That thing went so viral. I didn’t even realise. Fuck, that heat was so high tide I was like, ‘If I keep doing this, I’m definitely going to be losing fins.’ So that one, I just figured I’m gonna give it a go. Afterward, I was thinking about how embarrassing it would have been if I missed the grab and went face-first into the sand.
I wish that happened.
That would have been more viral I reckon. Like when (Stephen) Belly ran down with that spare board and tripped in France. I was just like, ‘Fuck it works! I’m never gonna do that again.’
[Laughter] That was your first attempt? On a live broadcast! Incredible. You know you’re in rhythm when you’re pulling shit like that off. You were always going to win the contest from that point on, weren’t you?
[Laughter] Seriously. Based off that, hey. It just had this perfect bit of backwash before the sand, so I thought I’ll flick it up and see if I can catch it.
What were the biggest moments from the event?
The Ring of Fire at the end of the final was the biggest highlight of my career. It was so sick coming in and seeing all the boys. Wade-o was like ‘Ring of Fire’ because we did the same thing with Jacko in Portugal — even though he got second, we chaired him up. Me and Cooper were like, we should do the Ring of Fire cos back in the day when the ISAs were on, Team Australia did it with every competitor that surfed a heat.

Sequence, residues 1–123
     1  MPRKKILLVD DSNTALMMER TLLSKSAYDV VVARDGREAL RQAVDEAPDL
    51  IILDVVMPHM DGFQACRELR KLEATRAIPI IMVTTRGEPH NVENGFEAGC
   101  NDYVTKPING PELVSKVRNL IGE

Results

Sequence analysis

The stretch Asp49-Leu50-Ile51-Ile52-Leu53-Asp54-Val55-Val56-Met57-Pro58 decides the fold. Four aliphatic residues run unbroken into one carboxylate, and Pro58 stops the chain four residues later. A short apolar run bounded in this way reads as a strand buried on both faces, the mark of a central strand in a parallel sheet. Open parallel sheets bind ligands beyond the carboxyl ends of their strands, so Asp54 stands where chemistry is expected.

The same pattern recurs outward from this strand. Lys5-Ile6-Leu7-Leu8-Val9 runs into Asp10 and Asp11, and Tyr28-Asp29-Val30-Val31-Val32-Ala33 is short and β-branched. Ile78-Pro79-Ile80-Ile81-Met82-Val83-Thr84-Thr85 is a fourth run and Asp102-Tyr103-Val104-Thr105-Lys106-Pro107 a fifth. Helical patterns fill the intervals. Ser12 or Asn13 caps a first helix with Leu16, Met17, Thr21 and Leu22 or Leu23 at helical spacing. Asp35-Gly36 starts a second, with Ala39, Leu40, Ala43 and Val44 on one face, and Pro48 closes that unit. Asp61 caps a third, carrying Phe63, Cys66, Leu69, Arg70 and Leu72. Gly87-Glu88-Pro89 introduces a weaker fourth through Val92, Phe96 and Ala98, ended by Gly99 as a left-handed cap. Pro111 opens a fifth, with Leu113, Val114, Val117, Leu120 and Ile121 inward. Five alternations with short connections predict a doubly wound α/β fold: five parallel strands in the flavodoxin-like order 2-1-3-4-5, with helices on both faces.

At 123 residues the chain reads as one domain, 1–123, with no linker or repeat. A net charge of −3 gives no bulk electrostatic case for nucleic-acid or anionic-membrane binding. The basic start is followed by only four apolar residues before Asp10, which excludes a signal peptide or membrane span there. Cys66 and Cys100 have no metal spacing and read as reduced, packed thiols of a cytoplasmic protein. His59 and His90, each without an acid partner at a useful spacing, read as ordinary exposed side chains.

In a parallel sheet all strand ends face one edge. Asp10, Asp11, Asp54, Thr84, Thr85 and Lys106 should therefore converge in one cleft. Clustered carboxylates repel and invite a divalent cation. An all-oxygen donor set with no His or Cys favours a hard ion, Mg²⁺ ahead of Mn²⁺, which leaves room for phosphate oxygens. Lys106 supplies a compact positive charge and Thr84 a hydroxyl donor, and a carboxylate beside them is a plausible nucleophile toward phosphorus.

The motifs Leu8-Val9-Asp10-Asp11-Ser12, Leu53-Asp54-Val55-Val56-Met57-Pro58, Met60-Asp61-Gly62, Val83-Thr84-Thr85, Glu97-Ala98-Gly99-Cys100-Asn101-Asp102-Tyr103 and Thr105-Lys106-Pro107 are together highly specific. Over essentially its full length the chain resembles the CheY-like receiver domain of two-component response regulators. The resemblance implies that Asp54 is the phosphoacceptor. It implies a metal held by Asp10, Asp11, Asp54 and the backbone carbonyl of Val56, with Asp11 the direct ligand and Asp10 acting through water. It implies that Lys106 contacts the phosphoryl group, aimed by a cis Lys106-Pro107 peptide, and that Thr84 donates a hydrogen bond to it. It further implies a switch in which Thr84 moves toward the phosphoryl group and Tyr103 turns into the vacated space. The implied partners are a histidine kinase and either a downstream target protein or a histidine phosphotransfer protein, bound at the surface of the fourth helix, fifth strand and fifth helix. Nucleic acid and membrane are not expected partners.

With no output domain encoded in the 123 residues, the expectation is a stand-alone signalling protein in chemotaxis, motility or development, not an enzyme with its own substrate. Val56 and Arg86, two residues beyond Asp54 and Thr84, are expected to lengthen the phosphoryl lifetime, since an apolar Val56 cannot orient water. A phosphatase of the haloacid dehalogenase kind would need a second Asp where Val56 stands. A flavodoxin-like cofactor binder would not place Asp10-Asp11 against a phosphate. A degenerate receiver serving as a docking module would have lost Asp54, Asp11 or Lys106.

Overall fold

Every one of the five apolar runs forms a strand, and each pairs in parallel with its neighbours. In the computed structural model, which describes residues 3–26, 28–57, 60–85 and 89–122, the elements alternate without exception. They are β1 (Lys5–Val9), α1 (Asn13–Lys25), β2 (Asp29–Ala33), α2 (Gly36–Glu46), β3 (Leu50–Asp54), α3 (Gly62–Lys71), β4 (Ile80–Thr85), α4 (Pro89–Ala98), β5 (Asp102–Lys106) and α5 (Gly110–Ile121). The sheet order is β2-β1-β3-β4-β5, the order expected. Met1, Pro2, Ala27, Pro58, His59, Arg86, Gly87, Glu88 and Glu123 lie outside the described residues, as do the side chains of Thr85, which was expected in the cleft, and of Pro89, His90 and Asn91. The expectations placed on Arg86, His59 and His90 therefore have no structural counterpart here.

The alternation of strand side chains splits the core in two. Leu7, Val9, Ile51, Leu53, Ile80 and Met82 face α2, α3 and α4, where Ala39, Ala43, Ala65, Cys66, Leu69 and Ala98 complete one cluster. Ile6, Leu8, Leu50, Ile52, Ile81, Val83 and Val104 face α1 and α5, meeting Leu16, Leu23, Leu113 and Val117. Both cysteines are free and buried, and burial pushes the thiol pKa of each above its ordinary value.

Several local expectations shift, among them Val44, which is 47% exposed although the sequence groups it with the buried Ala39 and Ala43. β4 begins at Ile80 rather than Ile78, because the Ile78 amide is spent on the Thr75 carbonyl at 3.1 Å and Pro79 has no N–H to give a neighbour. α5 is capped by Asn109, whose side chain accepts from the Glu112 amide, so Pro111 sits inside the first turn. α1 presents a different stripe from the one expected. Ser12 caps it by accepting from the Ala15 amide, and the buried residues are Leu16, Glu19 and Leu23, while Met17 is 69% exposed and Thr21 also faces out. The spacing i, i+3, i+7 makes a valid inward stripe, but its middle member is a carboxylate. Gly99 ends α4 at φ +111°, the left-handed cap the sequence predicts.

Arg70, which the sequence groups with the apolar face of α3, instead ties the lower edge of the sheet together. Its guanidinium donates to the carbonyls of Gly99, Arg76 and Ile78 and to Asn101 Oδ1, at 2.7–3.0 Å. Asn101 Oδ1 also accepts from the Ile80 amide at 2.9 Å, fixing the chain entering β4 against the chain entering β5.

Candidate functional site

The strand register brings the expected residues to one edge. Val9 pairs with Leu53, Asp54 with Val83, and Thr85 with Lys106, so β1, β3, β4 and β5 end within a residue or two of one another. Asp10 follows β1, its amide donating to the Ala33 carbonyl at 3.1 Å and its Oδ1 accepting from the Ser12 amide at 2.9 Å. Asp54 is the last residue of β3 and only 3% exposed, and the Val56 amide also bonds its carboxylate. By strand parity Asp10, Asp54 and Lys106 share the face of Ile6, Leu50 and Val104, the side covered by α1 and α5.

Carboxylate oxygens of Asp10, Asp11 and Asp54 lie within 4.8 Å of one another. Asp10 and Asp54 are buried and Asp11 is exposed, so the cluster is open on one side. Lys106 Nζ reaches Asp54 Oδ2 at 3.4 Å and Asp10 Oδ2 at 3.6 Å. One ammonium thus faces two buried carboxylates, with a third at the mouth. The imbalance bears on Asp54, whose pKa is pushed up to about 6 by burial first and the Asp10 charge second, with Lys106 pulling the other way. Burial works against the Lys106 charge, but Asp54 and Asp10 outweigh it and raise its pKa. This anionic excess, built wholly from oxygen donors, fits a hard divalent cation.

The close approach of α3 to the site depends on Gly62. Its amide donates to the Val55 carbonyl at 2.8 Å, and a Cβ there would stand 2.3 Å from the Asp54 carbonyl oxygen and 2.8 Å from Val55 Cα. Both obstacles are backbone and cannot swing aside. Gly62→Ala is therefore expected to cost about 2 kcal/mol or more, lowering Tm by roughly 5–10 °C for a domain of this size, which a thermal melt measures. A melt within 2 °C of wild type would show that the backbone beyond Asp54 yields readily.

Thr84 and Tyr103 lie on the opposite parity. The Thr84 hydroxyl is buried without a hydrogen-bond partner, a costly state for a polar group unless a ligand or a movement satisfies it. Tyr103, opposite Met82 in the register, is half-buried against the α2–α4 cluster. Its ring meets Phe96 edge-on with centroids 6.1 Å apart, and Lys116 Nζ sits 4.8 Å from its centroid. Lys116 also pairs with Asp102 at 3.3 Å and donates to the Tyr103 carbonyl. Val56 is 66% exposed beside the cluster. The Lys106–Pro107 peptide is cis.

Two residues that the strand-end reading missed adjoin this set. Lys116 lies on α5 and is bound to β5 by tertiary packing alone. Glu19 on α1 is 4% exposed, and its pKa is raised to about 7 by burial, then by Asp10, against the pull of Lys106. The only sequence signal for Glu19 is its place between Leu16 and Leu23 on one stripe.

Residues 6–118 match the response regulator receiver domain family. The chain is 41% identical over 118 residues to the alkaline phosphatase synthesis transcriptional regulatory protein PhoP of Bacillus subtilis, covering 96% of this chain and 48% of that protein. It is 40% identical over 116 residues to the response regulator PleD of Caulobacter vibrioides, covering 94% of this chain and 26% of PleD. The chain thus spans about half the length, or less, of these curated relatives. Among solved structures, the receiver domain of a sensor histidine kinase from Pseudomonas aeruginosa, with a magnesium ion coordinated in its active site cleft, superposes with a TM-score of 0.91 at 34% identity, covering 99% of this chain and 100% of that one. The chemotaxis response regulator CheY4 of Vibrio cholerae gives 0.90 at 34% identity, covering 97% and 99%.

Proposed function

Everyone got around and during the first one we did, I looked up and there were three rows of French people behind everyone, yelling ‘Aussie, Aussie, Aussie!’ There was like fucken a hundred people doing it! It was the best thing ever. Easily the highlight of my career. That moment was something I’ll never forget.
You can sense the feeling amongst the Australians over there even on the broadcast…
It’s just jumping on that Brazilian storm but turning it into an Australian flag. It’s been firing up all the boys. Hopefully, we go to Haleiwa and finish the year strong with a bunch of Aussie boys on tour next year.